By Arielle Horowitz
From PHN Issue 38, Fall 2018
Most smokers know that smoking is bad for their health, but they also know that quitting smoking is not easy. According to the American Lung Association, quitting smoking can be easier if you know your reasons for quitting, talk to a doctor, understand what to expect, and get help. Federal prisons and almost half of state prison systems prohibit smoking cigarettes indoors and outdoors, but more than half of states still allow smoking in prison yards. For those who quit smoking while in prison and are soon to be released, it is important to think about how to not start smoking again outside prison.
Knowing why you want to quit smoking can help motivate you when the process feels difficult. Every smoker has their own reasons for wanting to quit, but some of the most common are to improve their health, to improve the length and quality of their life, to save money, to not have to deal with the hassle of going outside in the cold and rain to smoke, and to protect friends and family who can get sick from secondhand smoke.
Quitting smoking is easier if you know what to expect. Only 4% to 7% of smokers who try to quit “cold turkey” are successful. Most smokers need a plan to quit smoking. A successful plan usually includes the following steps:
- Setting a quit date
- Building social support
- Learning how to relax and control weight
- Developing a plan for dealing with urges to smoke
- Using medications such as nicotine gum and patches to help relieve the physical symptoms of quitting smoking
Quitting smoking takes time. The first week is usually the hardest. Most people who start smoking again do so during the first 3 months of quitting. “Slipping” by having a puff or smoking one or two cigarettes does not mean you are a smoker again, as long as you don’t give up on your attempt to quit. It is normal to get urges to smoke for months or years after you quit, but these urges will probably happen less and less over time and will almost always eventually stop. It is also normal to face other challenges, such as gaining weight or experiencing withdrawal symptoms.
If you attempt to quit then start smoking again, you don’t need to feel guilty. Think of those tries as “practice quits.” Think about why you relapsed, and create a plan to make your next attempt different.
You may have an easier time quitting smoking if you have help. A doctor or other healthcare provider may be able to give you medication to help you quit. Gum, lozenges, patches, nasal sprays or inhalers may be available. Gum or lozenges can be something for smokers to put in their mouths instead of a cigarette. Some smokers prefer inhalers, which can feel like smoking a cigarette.. For those being released, Medicaid programs in every state cover at least some types of smoking cessation treatments.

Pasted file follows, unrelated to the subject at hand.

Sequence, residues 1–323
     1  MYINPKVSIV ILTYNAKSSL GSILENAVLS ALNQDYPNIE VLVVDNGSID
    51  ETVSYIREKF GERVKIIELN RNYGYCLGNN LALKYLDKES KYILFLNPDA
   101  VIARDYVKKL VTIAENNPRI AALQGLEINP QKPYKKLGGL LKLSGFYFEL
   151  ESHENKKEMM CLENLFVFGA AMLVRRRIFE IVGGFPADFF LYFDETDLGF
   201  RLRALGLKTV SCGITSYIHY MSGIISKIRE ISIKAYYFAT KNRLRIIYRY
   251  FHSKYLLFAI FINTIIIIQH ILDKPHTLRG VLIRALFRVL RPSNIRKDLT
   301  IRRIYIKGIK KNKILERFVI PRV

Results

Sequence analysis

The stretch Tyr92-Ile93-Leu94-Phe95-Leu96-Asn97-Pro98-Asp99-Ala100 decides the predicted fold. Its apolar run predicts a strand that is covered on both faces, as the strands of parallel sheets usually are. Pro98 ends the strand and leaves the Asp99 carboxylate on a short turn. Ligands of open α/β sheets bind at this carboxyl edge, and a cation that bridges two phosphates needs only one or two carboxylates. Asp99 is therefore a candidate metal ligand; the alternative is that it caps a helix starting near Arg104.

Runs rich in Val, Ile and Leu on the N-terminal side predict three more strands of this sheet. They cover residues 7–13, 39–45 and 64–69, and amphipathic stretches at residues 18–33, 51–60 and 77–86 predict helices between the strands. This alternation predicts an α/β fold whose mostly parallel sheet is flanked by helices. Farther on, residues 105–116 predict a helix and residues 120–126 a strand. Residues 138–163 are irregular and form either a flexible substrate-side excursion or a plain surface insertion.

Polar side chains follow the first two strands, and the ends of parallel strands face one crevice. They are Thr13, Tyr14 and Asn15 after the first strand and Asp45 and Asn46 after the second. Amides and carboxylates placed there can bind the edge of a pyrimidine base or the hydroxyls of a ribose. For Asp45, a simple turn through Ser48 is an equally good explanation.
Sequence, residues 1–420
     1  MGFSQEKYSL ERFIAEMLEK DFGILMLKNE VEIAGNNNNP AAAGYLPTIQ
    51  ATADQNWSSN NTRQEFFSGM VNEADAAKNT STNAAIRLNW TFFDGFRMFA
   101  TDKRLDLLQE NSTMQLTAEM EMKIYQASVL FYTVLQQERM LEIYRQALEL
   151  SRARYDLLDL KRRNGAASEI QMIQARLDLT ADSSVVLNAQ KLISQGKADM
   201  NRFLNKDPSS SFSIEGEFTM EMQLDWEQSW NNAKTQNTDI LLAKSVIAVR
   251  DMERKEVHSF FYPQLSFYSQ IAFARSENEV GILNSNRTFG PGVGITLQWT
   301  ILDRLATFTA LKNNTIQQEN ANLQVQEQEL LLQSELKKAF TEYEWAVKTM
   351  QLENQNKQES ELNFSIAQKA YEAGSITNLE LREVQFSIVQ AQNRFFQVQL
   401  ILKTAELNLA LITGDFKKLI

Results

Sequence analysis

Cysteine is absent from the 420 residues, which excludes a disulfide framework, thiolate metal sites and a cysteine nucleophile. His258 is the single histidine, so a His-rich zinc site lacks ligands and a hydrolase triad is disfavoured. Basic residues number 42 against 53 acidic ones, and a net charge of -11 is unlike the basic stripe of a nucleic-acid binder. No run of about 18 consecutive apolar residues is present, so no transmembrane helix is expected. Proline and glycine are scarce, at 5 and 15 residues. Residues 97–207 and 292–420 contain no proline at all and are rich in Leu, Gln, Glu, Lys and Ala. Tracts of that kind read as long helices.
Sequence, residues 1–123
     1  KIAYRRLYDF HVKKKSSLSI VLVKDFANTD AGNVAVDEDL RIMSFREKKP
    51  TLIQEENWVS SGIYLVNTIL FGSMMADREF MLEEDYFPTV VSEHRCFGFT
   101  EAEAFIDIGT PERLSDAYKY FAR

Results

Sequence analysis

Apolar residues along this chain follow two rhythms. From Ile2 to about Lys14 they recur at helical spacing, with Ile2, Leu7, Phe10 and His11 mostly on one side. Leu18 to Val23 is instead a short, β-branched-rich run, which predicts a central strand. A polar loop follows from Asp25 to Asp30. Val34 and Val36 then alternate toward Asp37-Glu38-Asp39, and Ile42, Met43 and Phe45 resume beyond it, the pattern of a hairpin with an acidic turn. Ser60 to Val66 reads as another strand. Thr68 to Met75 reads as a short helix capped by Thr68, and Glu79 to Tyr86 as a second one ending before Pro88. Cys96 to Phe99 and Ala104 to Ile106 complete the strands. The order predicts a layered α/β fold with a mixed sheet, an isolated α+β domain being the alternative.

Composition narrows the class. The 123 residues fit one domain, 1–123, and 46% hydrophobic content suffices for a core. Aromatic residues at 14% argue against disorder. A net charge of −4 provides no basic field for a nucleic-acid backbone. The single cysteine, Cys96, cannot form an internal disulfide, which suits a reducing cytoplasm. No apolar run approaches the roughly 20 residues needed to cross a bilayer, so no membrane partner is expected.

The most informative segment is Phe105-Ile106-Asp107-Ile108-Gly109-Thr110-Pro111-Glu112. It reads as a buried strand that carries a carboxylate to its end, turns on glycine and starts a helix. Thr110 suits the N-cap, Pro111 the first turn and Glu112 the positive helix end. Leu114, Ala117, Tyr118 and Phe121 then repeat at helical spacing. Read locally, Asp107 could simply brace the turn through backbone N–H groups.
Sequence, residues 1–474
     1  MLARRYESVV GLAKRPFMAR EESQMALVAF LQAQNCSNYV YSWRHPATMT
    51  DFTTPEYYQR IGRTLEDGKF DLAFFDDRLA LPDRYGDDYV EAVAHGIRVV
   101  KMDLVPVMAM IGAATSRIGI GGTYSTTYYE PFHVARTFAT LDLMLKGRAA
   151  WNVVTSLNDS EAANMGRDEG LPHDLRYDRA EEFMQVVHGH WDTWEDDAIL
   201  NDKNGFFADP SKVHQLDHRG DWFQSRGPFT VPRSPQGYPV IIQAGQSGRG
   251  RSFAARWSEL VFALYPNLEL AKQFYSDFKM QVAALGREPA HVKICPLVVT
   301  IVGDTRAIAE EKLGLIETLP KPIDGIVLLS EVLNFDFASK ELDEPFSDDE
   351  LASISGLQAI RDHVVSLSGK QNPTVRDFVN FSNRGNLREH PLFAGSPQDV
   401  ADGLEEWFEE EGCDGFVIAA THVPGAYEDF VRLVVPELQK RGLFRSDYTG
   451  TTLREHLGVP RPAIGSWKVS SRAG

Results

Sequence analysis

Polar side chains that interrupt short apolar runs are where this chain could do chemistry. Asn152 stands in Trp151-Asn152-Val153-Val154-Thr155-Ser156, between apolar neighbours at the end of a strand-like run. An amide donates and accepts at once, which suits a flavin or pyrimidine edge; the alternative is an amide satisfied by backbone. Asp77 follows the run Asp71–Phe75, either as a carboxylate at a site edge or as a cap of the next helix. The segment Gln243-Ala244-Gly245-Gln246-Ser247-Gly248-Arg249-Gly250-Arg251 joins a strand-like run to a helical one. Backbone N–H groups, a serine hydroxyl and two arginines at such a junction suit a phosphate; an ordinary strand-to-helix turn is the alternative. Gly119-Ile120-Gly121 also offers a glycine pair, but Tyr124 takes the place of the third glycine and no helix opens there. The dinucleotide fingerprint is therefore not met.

You can also talk to other smokers who are trying to quit and form a support system to help each other. If you are able to call a toll-free number, or if you are released, you can call the American Lung Association’s Lung Helpline at 1-800-LUNG-USA. Experts on the line can help you start on a quit plan, answer any questions you have, and help you become tobacco-free.
When you quit smoking, there is a lot you can do to prevent yourself from starting again. First, you can reduce triggers by getting rid of any cigarettes, ashtrays, or other reminders of smoking that you are able to remove from your cell or living space. You can also try to eliminate triggers by asking others not to smoke in front of you or walking away if a smoker chooses to light up. You can also wait out cravings to smoke. Cravings to smoke usually only last a few minutes, so when you get an urge to smoke you can try making a phone call, talking to a friend, getting a drink of water, doing some deep breathing, or playing a game. Distracting yourself can help you move past the urge.
If you slip up and smoke, remind yourself of all the good reasons you decided to quit, and figure out what you will do differently in the future. Be patient with yourself. You are still learning to quit. Quitting smoking can take time and many practice quits, but you can end the addiction. The most important thing is that you do not give up.